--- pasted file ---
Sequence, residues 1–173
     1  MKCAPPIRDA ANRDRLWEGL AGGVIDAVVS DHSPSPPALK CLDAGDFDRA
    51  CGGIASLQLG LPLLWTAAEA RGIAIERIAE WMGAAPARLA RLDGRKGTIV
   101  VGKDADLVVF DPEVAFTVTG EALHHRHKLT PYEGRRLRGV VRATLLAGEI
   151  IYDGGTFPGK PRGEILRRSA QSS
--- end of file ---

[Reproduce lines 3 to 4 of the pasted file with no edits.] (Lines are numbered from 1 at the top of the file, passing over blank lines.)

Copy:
    51  CGGIASLQLG LPLLWTAAEA RGIAIERIAE WMGAAPARLA RLDGRKGTIV
   101  VGKDADLVVF DPEVAFTVTG EALHHRHKLT PYEGRRLRGV VRATLLAGEI